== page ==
10. Canva-I use Canva to create images for blog posts or to share on social media. Some of the graphics and images are fee based, but I use it often and rarely pay for anything.



11. TweetDeck-This tool is my favorite way to participate in Twitter chats. The simple column view allows users to monitor multiple accounts or hashtags all at once. For a chat, I typically have a column for the hashtag and one for my notifications so I know when someone has mentioned or tweeted at me.



I always enjoying new apps and have really benefited from the ones I’ve shared in this post. Having the right app is like finding the right tool in my shop. It makes every project turn out better!



Question: What are your favorite apps right now? I’m curious what works well for you. You can leave a comment below or respond on Facebook or Twitter.

Read More 11 Apps That Help Me Manage My Social Media Life

When I was boy, my parents would often stop by a decrepit farmhouse where they had first lived after being married. My great-grandfather had built it in the early 1900’s with a big front porch, two chimneys, and a tin roof. A large pear tree grew in the front yard, and in the spring, yellow […]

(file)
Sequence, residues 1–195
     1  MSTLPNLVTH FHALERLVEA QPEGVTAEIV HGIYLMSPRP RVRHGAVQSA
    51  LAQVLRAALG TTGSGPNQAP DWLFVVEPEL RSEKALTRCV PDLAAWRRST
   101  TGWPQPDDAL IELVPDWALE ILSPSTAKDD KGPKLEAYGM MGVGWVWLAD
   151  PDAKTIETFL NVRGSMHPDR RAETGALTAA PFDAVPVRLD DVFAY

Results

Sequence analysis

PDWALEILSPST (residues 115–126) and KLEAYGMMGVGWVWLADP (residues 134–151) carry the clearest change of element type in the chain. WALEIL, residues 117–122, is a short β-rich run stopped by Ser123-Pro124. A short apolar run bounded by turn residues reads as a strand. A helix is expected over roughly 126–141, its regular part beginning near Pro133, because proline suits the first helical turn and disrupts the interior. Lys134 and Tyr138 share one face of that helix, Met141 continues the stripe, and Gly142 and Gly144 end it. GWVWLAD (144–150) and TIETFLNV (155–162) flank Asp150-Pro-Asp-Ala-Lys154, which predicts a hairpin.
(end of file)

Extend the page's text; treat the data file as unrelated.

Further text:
Read More PMP 055: Spring Semester & Beta-Testing

When I was boy, my parents would often stop by a decrepit farmhouse where they had first lived after being married. My great-grandfather had built it in the early 1900’s with a big front porch, two chimneys, and a tin roof. A large pear tree grew in the front yard, and in the spring, yellow […]

Read More PMP 055: Spring Semester & Beta-Testing

When I was boy, my parents would often stop by a decrepit farmhouse where they had first lived after being married. My great-grandfather had built it in the early 1900’s with a big front porch, two chimneys, and a tin roof. A large pear tree grew in the front yard, and in the spring, yellow […]

Read More PMP 055: Spring Semester & Beta-Testing

While I am writing this, I am sitting outside in the beautiful city of San Juan, Puerto Rico, blogging.  This is after reading articles on books, answering emails, and working…

Read More Working on “Meaning”